Numerical MWRTA Route Listing
Route Destinations of Interest
Route 1 - Green Line Shuttle Staples Drive, MathWorks, Woodland Green Line T Stop, 9/27 Plaza, Natick Collection, and Flutie Pass
Route 2 - Framingham Circuit (clockwise) Downtown Framingham to Saxonville, Nobscot, MetroWest Medical Center, and the Natick Collection mall area
Route 3 - Framingham Circuit (counter clockwise) Downtown Framingham to Saxonville, Nobscot, MetroWest Medical Center, and the Natick Collection mall area (Route 2 counter clockwise)
Route 4 - Market Basket / Beaver Park / Natick Mall Downtown Framingham, to Market Basket, Beaver Park, Shoppers World, Sherwood Plaza, and the Natick Collection mall area
Route 5 - Hopkinton Line Downtown Hopkinton via Ashland to the Framingham Commuter Rail Station
Route 6 - Milford Line Downtown Milford via Holliston and Ashland to the Framingham Commuter Rail station
Route 7 - Marlborough Line Downtown Marlborough via Southborough and Solomon Pond Mall
Route 9 - Route 9 Various stops along Massachusetts Route 9 from Western Framingham to the Natick Collection mall area
Route 10 - Natick Daily Route Natick Commuter Rail Stations, downtown Natick, and the Natick Collection mall area
Route 11 - Natick Mid-Day Natick Commuter Rail Stations, downtown Natick, and the Natick Collection mall area (Route 10 counter-clockwise)
Natick Commuter Shuttle Both Natick Commuter Rail stations and areas around Natick

The MWRTA partnership with GeoGraphics Lab provides live-updates of bus locations via an online map service.[8] The service displays current bus locations on a map with the use of bus-mounted GPS devices. The map service also allows the individual bus routes to be displayed overlaying the map.

Fares[edit]

Passes may be purchased in single or ten-ride quantities. Fare costs are as follows:[9]

MWRTA Bus Fare Costs
Age Group Single Single with CharlieCard Woodland Woodland with CharlieCard Ten-Ride Pass
Adults $1.50 $1.10 $3.00 $2.20 $11.00
Students with ID or under age 18 $1.00 N/A $2.00 N/A $9.00
Elderly age 65 or disabled showing appropriate ID $0.75 $0.70 $1.50 $1.40 $7.00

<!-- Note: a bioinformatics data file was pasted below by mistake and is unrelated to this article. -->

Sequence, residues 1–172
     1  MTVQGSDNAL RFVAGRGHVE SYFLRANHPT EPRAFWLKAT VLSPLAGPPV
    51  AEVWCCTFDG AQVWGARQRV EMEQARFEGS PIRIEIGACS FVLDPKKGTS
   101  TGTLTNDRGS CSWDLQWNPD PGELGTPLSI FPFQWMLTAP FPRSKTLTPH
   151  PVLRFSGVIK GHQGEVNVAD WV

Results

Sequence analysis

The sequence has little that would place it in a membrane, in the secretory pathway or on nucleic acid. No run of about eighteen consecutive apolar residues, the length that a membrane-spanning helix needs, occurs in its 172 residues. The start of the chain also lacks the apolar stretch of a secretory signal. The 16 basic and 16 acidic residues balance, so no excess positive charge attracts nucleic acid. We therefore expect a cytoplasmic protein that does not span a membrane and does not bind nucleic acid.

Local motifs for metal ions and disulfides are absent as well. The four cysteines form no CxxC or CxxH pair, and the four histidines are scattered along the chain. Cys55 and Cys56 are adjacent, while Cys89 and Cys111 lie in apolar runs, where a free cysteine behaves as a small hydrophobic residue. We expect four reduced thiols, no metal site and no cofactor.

Children under age six accompanied by a paying adult free

Transfers are provided free of charge between buses with the use of a transfer coupon or CharlieCard. Transfer coupons must be requested from the driver of the bus upon exiting the bus and displayed to the driver of the bus to be transferred to upon entry. The transfer coupon (or stored transfer in the case of a Charlie Card) must be used within 30 minutes of receipt.[9]

In November 2010, the MWRTA started accepting fares electronically via the MBTA CharlieCard. Stored Value CharlieCard users are offered a discounted local fare of $1.10 (or a Woodland fare of $2.20). Senior/Disabled passengers are also offered a discounted fare when using the appropriate Senior/Disabled CharlieCards.

10 ride passes are in the process of being phased out in favor of CharlieCards.

History[edit]

The birth of the MWRTA[edit]

In 2006, an Economic Stimulus Bill passed in the Commonwealth of Massachusetts included legislation pushed by Karen Spilka and other MetroWest area legislators.[10] The legislation opened the possibility of a new Regional Transit Authority to be formed in the MetroWest region. The legislation states that any community providing an annual assessment to the Massachusetts Bay Transportation Authority (MBTA) but not served directly by the MBTA may form their own Regional Transit Authority (RTA) using that funding instead.[11]

Under the advisement of the legislation, the MWRTA was created in Framingham with the neighboring communities of Holliston, Hopkinton, Natick, Ashland, and Wayland. At the time, Framingham had its own community bus system called The LIFT (Local Inter Framingham Transit).The newly formed MWRTA was based on The LIFT. With this system, the communities of the MWRTA would have a basis for their new RTA.[12]

Natick neighborhood bus system[edit]

As part of the growth of the MWRTA and due to Natick joining the system, Natick's own Neighborhood Bus system was incorporated into the MWRTA in the summer of 2008. Rates rose from $1 to $1.50 for adults with the rate hike justified as allowing residents of Natick to move anywhere in the system, as far out as Marlborough.[13] The incorporation of this system created a link of service from Natick to Marlborough across two routes spanning more than 25 miles combined.